Perched away from the world on the rocky southern tip of Africa, the town of Hermanus rose to global whale-watching renown almost by chance.
Two decades ago, as South Africa emerged from apartheid-induced isolation, pop zoologist Mark Carwardine visited Hermanus while researching a book on the world's best spots to watch whales.
Carwardine knew whales swam in the frigid southern Atlantic waters, but when he inched open his curtains on one dreary rain-soaked day, he thought he had made a terrible mistake.
Then, from the warmth and comfort of his hotel bed, he spotted some Southern Right whales frolicking out to sea.
He pushed the bed to the window and continued to watch the show.
Carwardine was so impressed that Hermanus got its own book chapter—titled "breach from the bed"—and he described the town as having the "best land-based whale watching in the world."
It is a sobriquet Hermanus residents have embraced enthusiastically ever since.
The town was founded in the early 1800s by shepherd Hermanus Pieters, who followed an elephant trail through the steep mountain valleys to Walker Bay, but it was not until the 1990s that whale watching took off.
"There is much more curiosity now," said Ken Moore, who ditched his previous life in business to become a guide for Southern Right Charters as the boom began.
"There is good whale watching in (Mexico's) Baja California, Argentina and other places, but we have built great infrastructure here," said Moore.
South Africa, he said, also offers a touristic "surf and turf" for visitors, with the chance to see big cats and large marine mammals on one trip.
Cetacean tourism is now the lifeblood of Hermanus, which finds itself on the renamed "Whale Coast."
The town holds not one, but two whale festivals each year. It has its own legend of a girl named Bientanga from the Khoikhoi ethnic group—whose language uses click sounds—who communicated with the whales and brought them back to the town.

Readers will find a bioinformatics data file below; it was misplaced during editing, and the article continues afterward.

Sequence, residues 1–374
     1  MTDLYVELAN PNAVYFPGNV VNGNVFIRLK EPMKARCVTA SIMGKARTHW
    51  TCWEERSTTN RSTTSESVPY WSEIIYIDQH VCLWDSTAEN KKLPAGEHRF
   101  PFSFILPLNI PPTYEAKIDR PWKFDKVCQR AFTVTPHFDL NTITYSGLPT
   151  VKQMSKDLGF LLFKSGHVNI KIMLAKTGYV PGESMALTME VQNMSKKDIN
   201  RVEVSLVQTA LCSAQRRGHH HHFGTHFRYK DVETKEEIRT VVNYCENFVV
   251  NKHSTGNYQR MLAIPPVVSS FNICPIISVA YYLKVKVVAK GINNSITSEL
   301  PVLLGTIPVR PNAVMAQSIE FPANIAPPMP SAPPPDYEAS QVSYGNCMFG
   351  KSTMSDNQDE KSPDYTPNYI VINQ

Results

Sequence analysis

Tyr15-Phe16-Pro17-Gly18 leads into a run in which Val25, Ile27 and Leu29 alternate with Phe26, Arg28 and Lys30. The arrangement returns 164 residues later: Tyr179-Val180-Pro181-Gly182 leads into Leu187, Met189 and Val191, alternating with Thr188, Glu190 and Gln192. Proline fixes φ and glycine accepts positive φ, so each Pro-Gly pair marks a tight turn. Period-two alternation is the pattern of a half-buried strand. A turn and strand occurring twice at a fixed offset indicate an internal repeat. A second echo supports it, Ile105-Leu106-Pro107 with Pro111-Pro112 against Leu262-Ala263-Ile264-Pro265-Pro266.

Wondering around the streets is perhaps the world's only "whale crier."
He uses a horn made of kelp to summon whale-hungry tourists to a jagged ocean cliff that serves as a viewing platform.
Just metres (yards) below are the Southern Right whales that drew Carwardine to Hermanus in the first place, and thousands of others subsequently.
"I'm pretty excited," said Desiree Neubauer, one Austrian tourist visiting with her boyfriend. "I didn't expect them to be so close to the coast."
Although found across the Southern hemisphere, Southern Rights are among the rarest of whales.
Around 12,000 of the species exist, compared to more than 100,000 Bryde's whales, which are also found along the Western Cape coast.
They were given their name by whalers, who thought they were the "right" whales to catch because of the species' large amount of valuable oil—used for heating and in make-up—and because they are docile and float after being harpooned.
Southern Rights grow to around 15 meters long (55 feet) and can weigh as much as 50 tonnes.
"That sounds like a lot, and it is a lot," said Moore. "To put it into context it's the weight of 10 African elephants."
They are baleens, meaning that instead of teeth they have hair plates at the entrance of their mouths which filter water for zooplankton.
Every June hundreds make the trip from the edge of the Antarctic to stay off the coast of Hermanus until around November, mating and giving birth.
They are also extremely playful, breaching, spouting and lobtailing at will, much to the delight of visiting tourists.
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